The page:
The ongoing situation has economic consequences, and once the markets recover, all will be right with the world. It’s a comforting thought that ignores the nature of COVID-19.
The COVID-19 crisis is not an economic crisis. It’s a health crisis, and that is something very different from an investment perspective. The most important feature of the crisis is the difference in health responses. This issue was highlighted during my panel discussion with John Ross, former director of economic and business policy of London, at the Renmin University Global Think Tanks COVID-19 International Cooperation Forum.
China, most of Asia, Singapore, Australia and New Zealand have attempted to suppress and aggressively control the spread of COVID-19. They used intensive tracking and testing coupled with very strong quarantine lockdown and isolation strategies. The total lockdown of Wuhan, a city with a population larger than that of Australia, is an example of this approach, as is the South Korean response.
In contrast, the Swedes applied the most clearly acknowledged strategy of herd immunity. Put crudely, this means the disease is able to run freely through the community so the survivors develop immunity. This is suitable for managing the spread of a seasonal flu, but this approach has resulted in very high mortality rates when applied to the management of COVID-19.
By design or by accident, the herd immunity approach has been adopted by the United States, the UK and much of Europe. This may be a result of reckless indifference, as may be the case in the United States, or poor health systems, as in the UK. In either case, the impact is the same with a high mortality rate and a continuing large reservoir of infected people.
This is the nub of the problem when considering the establishment of global trade activity. It’s easy for each country to re-establish its domestic economy but the real problems come when a country with a COVID-19 containment approach wants to interact with a country with a COVID-19 herd immunity approach. Each one of their tourists, each shipment from that country, every movement of people for whatever reason, carries personnel who threaten to reignite COVID-19 in the countries which have it under control.
The Australian situation is a precursor example of the dilemma. Australia’s largest single source of coronavirus infections and of at least 22 deaths came from passengers on a single ship, the Ruby Princess. This shows how a single source of infection can threaten the success of the entire containment policy.
Every day under normal circumstances, hundreds of ships are loaded or unloaded in the port of Singapore, Shanghai or Sydney. There is inevitable close interaction between customs staff, agents, stevedores and crew members. The risk of infection stemming from herd immunity countries is high.
The modern economy relies on the movement of people, be they tourists, fee-paying students or business people. The movement is channeled through airports where foot traffic is high and deliberately compressed so the passenger dwell time for shopping is enhanced. Support staff in all positions from check-in to immigration and retail are in inevitable close contacts despite enhanced self-check in procedures. The risk of infection from herd immunity countries is high.
The suggested COVID-19-free passport is an inadequate solution to this difference in health strategies. The passport could only be issued to people who have contracted COVID-19 and recovered. In countries where COVID-19 has been successfully suppressed there are very few people who qualify for the COVID-19-free passport because they have not been infected. This classic Catch-22 does nothing to free up people exchanges between herd immunity and COVID-19 containment camps.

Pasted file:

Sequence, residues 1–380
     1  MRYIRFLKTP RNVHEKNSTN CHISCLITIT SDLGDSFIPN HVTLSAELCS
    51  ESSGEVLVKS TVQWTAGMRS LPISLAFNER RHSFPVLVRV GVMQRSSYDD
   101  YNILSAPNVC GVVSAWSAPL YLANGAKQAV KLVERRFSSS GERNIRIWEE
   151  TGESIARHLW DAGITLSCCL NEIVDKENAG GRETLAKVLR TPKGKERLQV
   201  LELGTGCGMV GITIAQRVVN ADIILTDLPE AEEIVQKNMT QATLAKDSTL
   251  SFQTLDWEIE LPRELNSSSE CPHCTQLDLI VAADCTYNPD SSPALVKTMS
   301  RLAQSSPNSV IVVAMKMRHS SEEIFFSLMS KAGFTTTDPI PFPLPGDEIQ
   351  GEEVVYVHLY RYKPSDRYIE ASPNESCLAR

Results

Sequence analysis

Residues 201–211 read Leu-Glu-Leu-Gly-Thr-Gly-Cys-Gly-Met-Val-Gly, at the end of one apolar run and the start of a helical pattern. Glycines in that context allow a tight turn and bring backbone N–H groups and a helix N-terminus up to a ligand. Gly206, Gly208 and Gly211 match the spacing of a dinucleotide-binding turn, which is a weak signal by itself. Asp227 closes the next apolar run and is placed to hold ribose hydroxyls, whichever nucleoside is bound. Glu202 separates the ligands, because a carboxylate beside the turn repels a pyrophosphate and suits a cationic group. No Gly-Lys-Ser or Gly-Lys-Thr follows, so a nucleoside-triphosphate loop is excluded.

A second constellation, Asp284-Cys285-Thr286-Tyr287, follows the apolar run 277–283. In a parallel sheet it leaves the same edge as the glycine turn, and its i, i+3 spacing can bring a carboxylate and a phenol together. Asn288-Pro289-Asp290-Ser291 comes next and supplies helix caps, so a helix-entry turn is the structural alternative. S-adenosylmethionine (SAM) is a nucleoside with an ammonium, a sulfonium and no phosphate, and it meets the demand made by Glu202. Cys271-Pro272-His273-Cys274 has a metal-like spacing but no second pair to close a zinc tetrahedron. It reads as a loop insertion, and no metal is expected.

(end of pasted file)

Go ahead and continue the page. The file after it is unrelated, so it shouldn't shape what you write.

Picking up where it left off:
This division in COVID-19 health management approaches applies a greater constraint and risk to the resumption of international trade in all its forms than is realized at first glance. For countries with COVID-19 containment approach there can be no return to the laissez-faire of international trade. The long-term investment and economic impacts are substantial. Border security has involved the management of illegal immigration but now its long-term policy focus will include the management of COVID-19 infection.
COVID-19 responses in some countries have increased demands for a decoupling from China. This brings its own range of economic adjustments which are reasonably well understood. However, pressure to decouple from China takes on a new health dimension because COVID-19 containment countries may prefer to concentrate their trade with countries that have a like-minded COVID-19 containment approach.
The risk associated with trade and people-to-people movement from herd immunity countries may pose too large a health and economic risk to enable a return to previous trade levels, let alone to increase trade as a substitute for reducing trade with China.
The proposed travel-bubbles between countries with demonstrated success in suppressing COVID-19 may provide a more realistic model for trade and business relations than the idea that global trade will quickly return to normal. Smart investors are beginning to factor in these trade restrictions when making investment decisions. Ultimately the choice between trade and COVID-19 management models and infection risk will be a new and important consideration in the post-COVID-19 structure of the international economic recovery. MDT/CGTn
* Daryl Guppy is an international financial technical analysis expert. He has provided weekly Shanghai Index analysis for Chinese mainland media for more than a decade. Guppy appears regularly on CNBC Asia and is known as “The Chart Man.” He is a national board member of the Australia China Business Council. The article reflects the author’s opinion, and not necessarily the views of CGTN or MDT. Daryl Guppy, CGTN